Aliasing in Images
Aliasing in images can have some very disturbing psychovisual effects. Consider the following applet:
The bottom slider varies the tilt of the sinusoidal pattern. The right slider varies the frequency. If you set the tilt to slight, and then increase the frequency, then near the Nyquist frequency (halfway up), very strange things happen to the image. New patterns appear. These are called Moire patterns.
Digital images are always susceptible to these artifacts. It turns out, however, that even analog television is susceptible. Analog television is generated using a raster scan pattern, where the image is constructed by drawing horizontal lines and varying the intensity and color along the horizontal line. This means that in the vertical direction, the image is sampled. For this reason, television performers will not wear striped clothing, particularly not with horizontal stripes. As you can see from the above applet, horizontal stripes are particularly susceptible to aliasing artifacts.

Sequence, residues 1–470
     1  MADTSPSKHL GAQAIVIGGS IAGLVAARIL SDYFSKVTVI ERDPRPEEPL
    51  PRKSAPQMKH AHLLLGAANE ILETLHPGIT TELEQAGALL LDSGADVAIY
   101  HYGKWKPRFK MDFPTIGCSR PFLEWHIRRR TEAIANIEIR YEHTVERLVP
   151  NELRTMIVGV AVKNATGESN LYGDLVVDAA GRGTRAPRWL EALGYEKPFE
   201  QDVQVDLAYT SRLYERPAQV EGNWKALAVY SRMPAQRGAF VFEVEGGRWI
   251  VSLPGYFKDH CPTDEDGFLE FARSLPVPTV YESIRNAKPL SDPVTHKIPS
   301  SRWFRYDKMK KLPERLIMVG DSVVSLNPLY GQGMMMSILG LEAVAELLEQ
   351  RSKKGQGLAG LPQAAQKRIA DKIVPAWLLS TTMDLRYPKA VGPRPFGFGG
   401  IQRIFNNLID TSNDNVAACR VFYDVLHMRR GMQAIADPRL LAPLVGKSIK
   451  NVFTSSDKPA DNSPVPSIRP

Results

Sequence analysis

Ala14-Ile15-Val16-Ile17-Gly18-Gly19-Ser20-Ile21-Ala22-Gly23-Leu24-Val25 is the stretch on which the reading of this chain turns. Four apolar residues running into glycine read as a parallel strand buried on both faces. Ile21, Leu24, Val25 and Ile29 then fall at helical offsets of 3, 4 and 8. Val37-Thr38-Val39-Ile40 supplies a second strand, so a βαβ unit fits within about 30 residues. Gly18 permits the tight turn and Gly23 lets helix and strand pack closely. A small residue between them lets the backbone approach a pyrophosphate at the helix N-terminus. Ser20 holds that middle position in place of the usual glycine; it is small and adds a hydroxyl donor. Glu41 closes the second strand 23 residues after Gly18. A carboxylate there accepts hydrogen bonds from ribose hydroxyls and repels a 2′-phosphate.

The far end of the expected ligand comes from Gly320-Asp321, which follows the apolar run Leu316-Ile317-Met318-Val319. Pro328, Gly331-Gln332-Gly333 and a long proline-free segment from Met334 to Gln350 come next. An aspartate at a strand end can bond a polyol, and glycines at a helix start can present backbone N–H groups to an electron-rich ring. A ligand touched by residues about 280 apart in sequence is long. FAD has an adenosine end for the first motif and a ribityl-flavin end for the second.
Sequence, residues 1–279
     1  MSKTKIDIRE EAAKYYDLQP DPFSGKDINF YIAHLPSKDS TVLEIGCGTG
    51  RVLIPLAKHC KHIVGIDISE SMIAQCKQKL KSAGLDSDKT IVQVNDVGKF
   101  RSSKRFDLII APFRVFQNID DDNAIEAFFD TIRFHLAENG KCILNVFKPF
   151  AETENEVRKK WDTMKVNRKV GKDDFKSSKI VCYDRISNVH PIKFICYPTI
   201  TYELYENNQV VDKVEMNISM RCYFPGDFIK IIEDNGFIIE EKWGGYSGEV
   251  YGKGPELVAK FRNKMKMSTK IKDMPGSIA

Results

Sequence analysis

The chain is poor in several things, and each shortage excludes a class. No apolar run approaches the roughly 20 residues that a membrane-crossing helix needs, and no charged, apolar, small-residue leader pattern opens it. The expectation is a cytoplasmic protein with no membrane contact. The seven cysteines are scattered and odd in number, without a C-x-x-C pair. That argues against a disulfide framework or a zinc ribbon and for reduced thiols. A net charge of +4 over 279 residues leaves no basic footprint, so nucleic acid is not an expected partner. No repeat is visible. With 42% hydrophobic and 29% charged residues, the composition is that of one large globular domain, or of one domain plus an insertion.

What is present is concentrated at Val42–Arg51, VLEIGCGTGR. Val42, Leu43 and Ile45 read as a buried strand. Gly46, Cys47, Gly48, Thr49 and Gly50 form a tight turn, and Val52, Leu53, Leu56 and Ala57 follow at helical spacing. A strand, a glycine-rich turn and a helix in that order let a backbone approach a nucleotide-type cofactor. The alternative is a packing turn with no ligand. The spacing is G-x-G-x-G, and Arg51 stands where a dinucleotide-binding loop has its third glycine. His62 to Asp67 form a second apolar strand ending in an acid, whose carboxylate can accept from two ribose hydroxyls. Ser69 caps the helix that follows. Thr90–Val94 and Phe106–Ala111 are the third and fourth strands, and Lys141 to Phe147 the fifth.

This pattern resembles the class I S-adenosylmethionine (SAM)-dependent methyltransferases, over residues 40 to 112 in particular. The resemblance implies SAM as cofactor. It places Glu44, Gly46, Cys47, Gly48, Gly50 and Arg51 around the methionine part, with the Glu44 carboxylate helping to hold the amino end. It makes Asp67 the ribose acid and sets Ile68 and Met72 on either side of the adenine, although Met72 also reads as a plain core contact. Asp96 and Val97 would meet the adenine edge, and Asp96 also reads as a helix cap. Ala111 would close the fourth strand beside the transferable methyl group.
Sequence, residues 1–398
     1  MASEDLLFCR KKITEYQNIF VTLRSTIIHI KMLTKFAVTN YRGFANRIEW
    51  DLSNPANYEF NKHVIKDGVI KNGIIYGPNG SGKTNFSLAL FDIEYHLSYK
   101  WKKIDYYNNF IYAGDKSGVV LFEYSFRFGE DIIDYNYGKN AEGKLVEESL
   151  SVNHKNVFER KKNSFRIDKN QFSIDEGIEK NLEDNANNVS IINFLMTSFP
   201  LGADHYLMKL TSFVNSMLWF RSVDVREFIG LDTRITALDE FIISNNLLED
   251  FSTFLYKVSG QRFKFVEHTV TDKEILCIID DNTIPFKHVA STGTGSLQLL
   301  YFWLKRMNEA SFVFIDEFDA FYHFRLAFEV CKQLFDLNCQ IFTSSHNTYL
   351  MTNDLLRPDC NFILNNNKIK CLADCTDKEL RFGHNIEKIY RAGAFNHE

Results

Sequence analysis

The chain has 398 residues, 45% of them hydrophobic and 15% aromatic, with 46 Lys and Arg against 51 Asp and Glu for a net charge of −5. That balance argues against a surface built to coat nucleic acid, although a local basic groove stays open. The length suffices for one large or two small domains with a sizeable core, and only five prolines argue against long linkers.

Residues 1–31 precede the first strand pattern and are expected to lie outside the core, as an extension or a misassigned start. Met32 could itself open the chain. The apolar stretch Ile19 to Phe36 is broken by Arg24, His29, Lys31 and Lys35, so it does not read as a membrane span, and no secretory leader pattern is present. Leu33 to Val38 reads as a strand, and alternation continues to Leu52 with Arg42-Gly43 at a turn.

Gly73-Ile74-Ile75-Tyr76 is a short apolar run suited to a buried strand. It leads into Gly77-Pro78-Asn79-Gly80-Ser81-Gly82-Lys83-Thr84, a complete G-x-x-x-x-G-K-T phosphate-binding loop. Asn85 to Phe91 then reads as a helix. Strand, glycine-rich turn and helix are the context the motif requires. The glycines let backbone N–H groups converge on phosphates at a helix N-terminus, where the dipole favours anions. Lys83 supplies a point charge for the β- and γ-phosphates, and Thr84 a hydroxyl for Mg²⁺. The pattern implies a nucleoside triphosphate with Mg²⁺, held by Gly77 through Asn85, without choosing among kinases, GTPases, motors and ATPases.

The print industry is also susceptible. Even simple black-and-white images are made by placing dots of ink on the page. These dots translate into samples. The following applet illustrates the emergence of artifacts in black-and-white images. Move the slider until you see spurious patterns appearing at the upper left.